10. .. October

Kitchen Garden

  • Continue clearing spent plants and carrying out general tidying to prevent pests and disease.
  • If soil is heavy, dig it over to allow time for weathering over winter to break it down and help improve soil structure.  Add compost, manure and leaf mulch.
  • For late-seeded salad & greens beds, a top-dressing of nitrogen rich fertiliser in late winter will promote fresh leaves.
  • Do not compost blight-affected foliage (especially tomato & potato plants).
  • Prune-out fruited canes of blackberries.  Tie in new growth.
  • If you have any late season crops you can apply fleece when frost is forecast.
  • Lift & divide rhubarb.  Replant divisions with 2 or 3 buds into soil enriched with lots of rotted manure.
  • Cut down asparagus stems as they turn yellow and mulch the bed with well-rotted manure or garden compost.
  • Remove stakes from the garden as these can harbour over-wintering pests.


Sow Directly

  • Plant sets of overwintering onions.  Onions planted in September will mature next July.
  • Plant garlic for overwintering for early spring crops.  Break bulbs into individual cloves and plant 1-4 inches (2.5-10 cm) deep (deeper for lighter soil, higher in heavy soils).  Space 4-5 inches (18 cm) apart in soil enriched with well-rotted manure and organic matter.
  • Plant onion sets.
  • Sow broad beans late in October for early spring (April/May) cropping.  A hardy cultivar is ‘Aquadulce Claudia.’
  • Plant out spring cabbage 6 inches apart – net against pigeons.
  • If you have a cold frame or unheated glasshouse, winter salads such as winter lettuce, rocket and land cress can be grown for baby salad leaves.



  • Salad greens.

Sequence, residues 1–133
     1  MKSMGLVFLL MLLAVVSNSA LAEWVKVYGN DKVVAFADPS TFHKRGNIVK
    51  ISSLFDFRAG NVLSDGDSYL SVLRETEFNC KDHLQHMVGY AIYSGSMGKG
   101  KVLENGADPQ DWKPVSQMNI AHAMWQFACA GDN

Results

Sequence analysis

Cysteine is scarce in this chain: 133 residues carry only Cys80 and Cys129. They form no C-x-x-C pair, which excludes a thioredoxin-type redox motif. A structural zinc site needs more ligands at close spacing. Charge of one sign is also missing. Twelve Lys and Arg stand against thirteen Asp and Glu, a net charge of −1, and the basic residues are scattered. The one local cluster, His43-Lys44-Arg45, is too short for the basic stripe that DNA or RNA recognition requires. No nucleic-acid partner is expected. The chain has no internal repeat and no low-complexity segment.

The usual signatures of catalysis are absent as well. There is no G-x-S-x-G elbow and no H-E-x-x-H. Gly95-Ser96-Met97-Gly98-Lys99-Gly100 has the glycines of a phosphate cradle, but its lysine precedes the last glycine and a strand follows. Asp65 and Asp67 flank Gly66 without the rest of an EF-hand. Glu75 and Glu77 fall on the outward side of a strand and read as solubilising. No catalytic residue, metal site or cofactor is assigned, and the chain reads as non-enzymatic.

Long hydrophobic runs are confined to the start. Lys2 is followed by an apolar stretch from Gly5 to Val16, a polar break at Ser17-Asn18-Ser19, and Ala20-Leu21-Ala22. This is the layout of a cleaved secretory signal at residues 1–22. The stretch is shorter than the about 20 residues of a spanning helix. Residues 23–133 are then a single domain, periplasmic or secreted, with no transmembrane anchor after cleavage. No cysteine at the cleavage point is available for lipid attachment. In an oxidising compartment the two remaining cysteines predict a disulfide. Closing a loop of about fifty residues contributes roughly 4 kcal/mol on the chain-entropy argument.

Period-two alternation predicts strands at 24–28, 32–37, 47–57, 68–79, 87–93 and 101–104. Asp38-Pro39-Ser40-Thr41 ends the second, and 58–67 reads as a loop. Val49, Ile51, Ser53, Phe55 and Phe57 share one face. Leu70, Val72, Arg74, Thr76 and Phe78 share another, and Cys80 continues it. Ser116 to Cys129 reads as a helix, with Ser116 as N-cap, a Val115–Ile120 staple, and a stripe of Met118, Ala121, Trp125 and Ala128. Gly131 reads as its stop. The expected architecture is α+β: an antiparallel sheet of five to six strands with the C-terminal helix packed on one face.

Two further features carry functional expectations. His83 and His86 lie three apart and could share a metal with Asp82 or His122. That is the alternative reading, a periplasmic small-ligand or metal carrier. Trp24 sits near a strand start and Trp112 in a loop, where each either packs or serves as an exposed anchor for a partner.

• Harvest pumpkin & squash before the first frost.  ‘Cure’ in a warm room for 10 days before storing.
  • Lift beetroot and carrots before the first frost. (* Parsnip can be left in the ground past frosts, which is said to sweeten them.)


Flower / Ornamental Garden

  • Deadhead late-season bloomers, like dahliasalvia, to keep them flowering to the first frosts.
  • Mulch borders with well-rotted organic compost & manure.
  • Prune climbing roses.
  • Herbaceous perennials: Continue dividing & replanting.  Collect ripe seeds once dry and brown.  Air dry and store in envelopes.
  • Lift cannas and dahlias once temperatures fall.  Overwinter in a frost-free dry place.  (Some advise doing so with gladioli as well, though our gladioli planted in the back patch come back year after year and have not been lifted since being first planted.)
  • Plant spring bulbs such as tulips into pots.  (*some advise to wait until November to plant tulip to avoid tulip fire.)
  • Plant daffodil bulbs.
  • Plant pots with winter bedding such as violas for splashes of winter colour.
  • Plant trees and shrubs at the end of September while the soil is still warm.
  • Shrubs can be lifted at the end of September and re-sited elsewhere as required.
  • Keep camellia well watered to ensure good bud formation next spring.



  • Take hard-wood cuttings:  Propagate currants, gooseberries and ornamentals such as roses and forsythia from hard-wood cuttings once leaves have fallen.   Hardwood cuttings can be taken from October to December.  Insert into slit trenches or pots of gritty compost.
  • Take root cuttings from late autumn, to be placed in a cold frame.
  • Pot-on late-summer cuttings into 3 1/2 inch (9cm) pots of a well-drained growing medium.



  • Switch bird feed from protein rich seeds to fat balls to help birds build reserves for migration and/or winter survival.
  • Make sure fresh water is available.
  • If you leave pots to catch rainwater, ensure there are sticks in the pails so that animals and birds do not fall in and drown.
  • Leave the spent flower stalks of some herbaceous perennials and grasses on some plants as these offer hibernation sites for a range of invertebrates.  Echinacea are good for this.
  • Leave mature ivy unpruned as a late source of pollen.
  • Piles of logs and stones are favourite places for bugs and help boost biodiversity.